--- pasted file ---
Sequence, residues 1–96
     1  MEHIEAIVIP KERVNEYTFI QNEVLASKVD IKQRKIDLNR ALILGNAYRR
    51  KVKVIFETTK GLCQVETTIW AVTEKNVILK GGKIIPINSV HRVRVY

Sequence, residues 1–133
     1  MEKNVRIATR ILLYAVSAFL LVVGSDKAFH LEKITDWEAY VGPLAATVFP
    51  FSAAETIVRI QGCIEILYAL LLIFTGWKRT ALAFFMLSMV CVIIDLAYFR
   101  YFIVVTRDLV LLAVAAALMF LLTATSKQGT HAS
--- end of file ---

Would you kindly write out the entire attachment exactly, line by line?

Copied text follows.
Sequence, residues 1–96
     1  MEHIEAIVIP KERVNEYTFI QNEVLASKVD IKQRKIDLNR ALILGNAYRR
    51  KVKVIFETTK GLCQVETTIW AVTEKNVILK GGKIIPINSV HRVRVY

Sequence, residues 1–133
     1  MEKNVRIATR ILLYAVSAFL LVVGSDKAFH LEKITDWEAY VGPLAATVFP
    51  FSAAETIVRI QGCIEILYAL LLIFTGWKRT ALAFFMLSMV CVIIDLAYFR
   101  YFIVVTRDLV LLAVAAALMF LLTATSKQGT HAS